The recovery process after a stroke can be a long journey, especially for those patients experiencing significant side effects. Many stroke patients find they have to deal with issues like paralysis, vision or hearing problems and difficulty with mobility or balance during their recovery period. Thankfully, Medicare coverage can help stroke patients get on a solid road to recovery and rehabilitation. Here's what you need to know about Medicare coverage for strokes:
What Original Medicare Covers for Stroke Recovery
Medicare beneficiaries who are signed up for Medicare Parts A and B — traditionally known together as "Original Medicare" — receive some coverage for stroke recovery and rehabilitation. Specifically, the Medicare program will pay for the following:
- Inpatient rehabilitation: If your doctor deems it necessary for you to receive rehabilitation care at an inpatient facility, Medicare will cover your first 60 days in full, minus your deductible (which is set at $1,556, as of 2022). After 60 days, you will have to pay a $389 coinsurance amount per day until you have reached 90 days in the facility. If you must stay past 90 days, you will have to pay $778 in coinsurance per day, up until 150 days in the facility. After that point, you will have to pay all out-of-pocket costs.
- Skilled nursing care: If you have had a qualifying hospital stay and your doctor deems it necessary for you to receive skilled nursing care within a facility, Medicare will fully cover the costs of your care in the facility for the first 20 days. Days 21 through 100 will require you to pay $194.50 in coinsurance per day, as of 2022. Any further time needed in the skilled nursing facility will be charged to you out-of-pocket.
- Walkers: If you are prescribed a walker as a mobility aid after a stroke, Medicare will cover a portion of the cost. You must have a prescription, however, for Medicare coverage to kick in.
- Outpatient physical and occupational therapy: If your doctor deems either physical or occupational therapy necessary, Medicare will cover 80% of the cost, while you will have to pay 20% of the Medicare-approved cost as a coinsurance amount.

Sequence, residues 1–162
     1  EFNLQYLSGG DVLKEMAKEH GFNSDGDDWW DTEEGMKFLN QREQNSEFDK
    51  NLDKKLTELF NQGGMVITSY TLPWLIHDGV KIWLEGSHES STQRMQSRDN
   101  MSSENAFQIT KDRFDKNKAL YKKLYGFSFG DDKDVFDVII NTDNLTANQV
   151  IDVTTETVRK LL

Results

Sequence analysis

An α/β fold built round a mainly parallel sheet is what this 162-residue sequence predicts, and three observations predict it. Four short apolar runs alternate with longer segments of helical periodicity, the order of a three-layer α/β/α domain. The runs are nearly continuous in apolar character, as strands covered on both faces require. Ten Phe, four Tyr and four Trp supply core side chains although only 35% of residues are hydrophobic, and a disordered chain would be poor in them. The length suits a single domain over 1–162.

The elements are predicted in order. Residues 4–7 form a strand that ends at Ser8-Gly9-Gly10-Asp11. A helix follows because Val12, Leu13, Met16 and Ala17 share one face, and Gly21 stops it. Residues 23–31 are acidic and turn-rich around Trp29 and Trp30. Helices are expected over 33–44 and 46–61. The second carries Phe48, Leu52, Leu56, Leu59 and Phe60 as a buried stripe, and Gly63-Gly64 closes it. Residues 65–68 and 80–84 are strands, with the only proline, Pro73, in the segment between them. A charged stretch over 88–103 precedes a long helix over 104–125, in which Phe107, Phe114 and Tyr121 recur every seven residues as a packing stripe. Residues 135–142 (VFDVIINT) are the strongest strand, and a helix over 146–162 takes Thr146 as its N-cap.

Medicare Coverage Gaps
There are some important stroke recovery options that Original Medicare does not cover. Specifically, if you need long-term care, which is defined as help with non-medical services like bathing, eating or using the bathroom, Medicare will not pay for it. In addition, if your recovery and rehabilitation takes longer than the duration covered by Medicare, then you will be on the hook for the additional time necessary to meet your health goals.
The average cost of stroke recovery and rehabilitation is about $17,000 within your first year. This is why it's important for Medicare beneficiaries to understand their options. Though Original Medicare does not provide complete coverage of your stroke recovery costs, Medicare Advantage plans may be able to help you cover those costs and spend less money out-of-pocket.
What Medicare Advantage Plans Cover for Stroke Recovery
Medicare Advantage offers specific special needs plans (SNPs) for patients who need help paying for specialized care. There are some Chronic Condition SNPs (C-SNP) made for stroke patients that will help pay for the costs of recovery and rehabilitation. Medicare Advantage plans also include Institutional SNPs (I-SNPs) for those beneficiaries who live in an institution like a nursing home or long-term rehabilitation center. These plans can potentially help stroke victims pay for a long stay in such an institution.
Having a special needs Medicare Advantage plan can ease the financial burden of stroke recovery and rehabilitation costs. You can enroll at any time, provided a Medicare Advantage SNP is available in your area.
How to Get the Best Medicare Coverage for Strokes
Though Original Medicare may help with some of the costs of stroke recovery and rehabilitation, you can still expect to be paying quite a bit out-of-pocket to get back to your previous levels of health and mobility. Enrolling in a Medicare Advantage special needs plan, even after you have suffered a stroke, can be a smart way to make sure your recovery costs are covered. With an SNP in place, you can focus your attention on getting better.